First, read this blog entry from Pharyngula:
Can you bear yet another poll today? The initial results of this one, before all of you readers get to work and use your magic clicky fingers, is mildly interesting. The readership of Christianity Today consists primarily of scientific illiterates and wishful dreamers, split between people who seriously believe the earth is 6000 years old, those who think the Bible is a science text and are willing to stretch a metaphor, and fuzzy thinkers who want a god to have guided natural processes.
I imagine the readership here can rock their little world.
Young-earth creationism 29%
Old-earth creationism 28%
Theistic evolution 26%
Naturalistic evolution 4%
I don’t know 7%
None of the above 6%
Several hours later, the loyal readers of Pharyngula had totally changed the poll results:
What best describes your view of the origins of creation?
Naturalistic evolution 62%
Total Votes: 4153
The reason that evolution won the poll was becuase of the Christianophobes at pharyngula, a far left anti-Christian, anti-family atheist website had a hand in it. TheThe owner of the blog often tries to skew polls and mkae Christians look bad or ignorant. He is very intolerant becuase when Christians challenge his minions on his own site theyr are often banned. Yep, that’s liberal tolerance for you! Take a look at thier disgusting site and evil plans: http://scienceblogs.com/pharyngula/2009/05/christianity_today_is_ full_of.php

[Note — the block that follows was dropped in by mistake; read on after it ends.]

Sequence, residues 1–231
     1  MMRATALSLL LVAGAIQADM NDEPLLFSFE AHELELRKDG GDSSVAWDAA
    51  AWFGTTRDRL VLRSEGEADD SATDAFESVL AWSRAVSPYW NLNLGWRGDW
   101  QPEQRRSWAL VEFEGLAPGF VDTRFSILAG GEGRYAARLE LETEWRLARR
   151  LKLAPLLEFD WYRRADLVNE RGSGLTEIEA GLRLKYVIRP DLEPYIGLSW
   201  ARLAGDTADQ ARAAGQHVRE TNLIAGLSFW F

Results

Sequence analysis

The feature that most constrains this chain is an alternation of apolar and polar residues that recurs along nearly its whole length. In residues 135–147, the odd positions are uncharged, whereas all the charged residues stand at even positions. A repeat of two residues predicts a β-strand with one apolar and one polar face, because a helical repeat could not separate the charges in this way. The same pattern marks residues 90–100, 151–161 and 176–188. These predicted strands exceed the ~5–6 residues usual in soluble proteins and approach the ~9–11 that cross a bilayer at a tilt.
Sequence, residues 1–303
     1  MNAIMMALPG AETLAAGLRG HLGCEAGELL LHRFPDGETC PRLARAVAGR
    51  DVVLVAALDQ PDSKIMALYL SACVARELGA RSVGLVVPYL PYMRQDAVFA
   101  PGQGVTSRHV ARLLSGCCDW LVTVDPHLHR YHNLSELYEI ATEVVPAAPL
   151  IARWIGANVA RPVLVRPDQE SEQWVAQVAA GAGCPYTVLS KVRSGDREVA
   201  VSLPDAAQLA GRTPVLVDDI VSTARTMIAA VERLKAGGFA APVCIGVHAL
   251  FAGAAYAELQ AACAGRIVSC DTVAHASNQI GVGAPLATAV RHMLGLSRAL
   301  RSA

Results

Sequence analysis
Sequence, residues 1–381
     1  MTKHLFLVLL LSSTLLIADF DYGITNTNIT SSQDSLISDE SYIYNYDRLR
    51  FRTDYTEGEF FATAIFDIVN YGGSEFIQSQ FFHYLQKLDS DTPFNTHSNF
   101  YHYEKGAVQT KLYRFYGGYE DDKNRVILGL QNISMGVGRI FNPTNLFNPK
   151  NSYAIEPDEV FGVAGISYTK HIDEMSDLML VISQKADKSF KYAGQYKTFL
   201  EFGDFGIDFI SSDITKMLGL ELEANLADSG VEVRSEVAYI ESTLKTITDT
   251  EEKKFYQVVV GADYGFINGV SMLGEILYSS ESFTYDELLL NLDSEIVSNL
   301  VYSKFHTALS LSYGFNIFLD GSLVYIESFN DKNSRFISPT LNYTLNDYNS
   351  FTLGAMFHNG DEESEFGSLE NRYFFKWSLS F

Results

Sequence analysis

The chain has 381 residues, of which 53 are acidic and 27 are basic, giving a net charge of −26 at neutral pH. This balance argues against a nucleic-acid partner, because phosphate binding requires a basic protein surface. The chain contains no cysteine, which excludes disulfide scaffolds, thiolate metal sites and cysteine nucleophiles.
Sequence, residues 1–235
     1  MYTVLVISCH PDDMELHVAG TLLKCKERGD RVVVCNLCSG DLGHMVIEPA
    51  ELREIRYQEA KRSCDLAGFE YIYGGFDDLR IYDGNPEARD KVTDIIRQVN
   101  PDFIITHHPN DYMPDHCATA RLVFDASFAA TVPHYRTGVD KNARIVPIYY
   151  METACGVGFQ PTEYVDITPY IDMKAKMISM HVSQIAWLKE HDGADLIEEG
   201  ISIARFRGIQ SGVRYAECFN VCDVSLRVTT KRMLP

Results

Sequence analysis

The Pharyngula readers responded to that:
I noticed Christians get all their science information filtered by professional liars. This way they can keep their childish everything-is-magic fantasies.
Rob: Please explain how Pharyngula is anti-family. And the power of reason does tend to make fundamentalist positions look awfully ignorant. Can’t get around that one. Sorry.
And even one of the Christians themselves smacked down the concept of Young Earth Creationism:
The Bible, Rocks, and Time is an excellent book. Young and Stearley are committed to the Bible (even Biblical inerrancy) and the historic Christian faith, and also present a devastating critique of young-Earth creationism. Ross critiques the book by saying that it fails to address issues such as the historicity of Adam and Eve, and the extent of the Flood. But The Bible, Rocks and Time is not an attempt to be comprehensive. It addresses issues of geology, such as the age of the Earth and the nature of the rock record. And it does so very well. Those whose comments suggest that Young and Stearley must not be Christians have a serious theological problem. We are not saved by belief in young-Earth creationism, but by grace alone through faith alone in Christ alone.
And to that I say, “Amen!”